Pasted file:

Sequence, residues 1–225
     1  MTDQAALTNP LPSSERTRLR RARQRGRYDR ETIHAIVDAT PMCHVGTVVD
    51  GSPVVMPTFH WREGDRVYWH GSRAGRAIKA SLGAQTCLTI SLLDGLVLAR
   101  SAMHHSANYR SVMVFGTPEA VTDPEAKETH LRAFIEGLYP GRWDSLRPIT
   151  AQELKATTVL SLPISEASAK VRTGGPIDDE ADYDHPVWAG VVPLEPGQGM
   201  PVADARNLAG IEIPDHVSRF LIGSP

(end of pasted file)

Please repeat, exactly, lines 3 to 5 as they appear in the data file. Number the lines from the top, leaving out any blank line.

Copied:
    51  GSPVVMPTFH WREGDRVYWH GSRAGRAIKA SLGAQTCLTI SLLDGLVLAR
   101  SAMHHSANYR SVMVFGTPEA VTDPEAKETH LRAFIEGLYP GRWDSLRPIT
   151  AQELKATTVL SLPISEASAK VRTGGPIDDE ADYDHPVWAG VVPLEPGQGM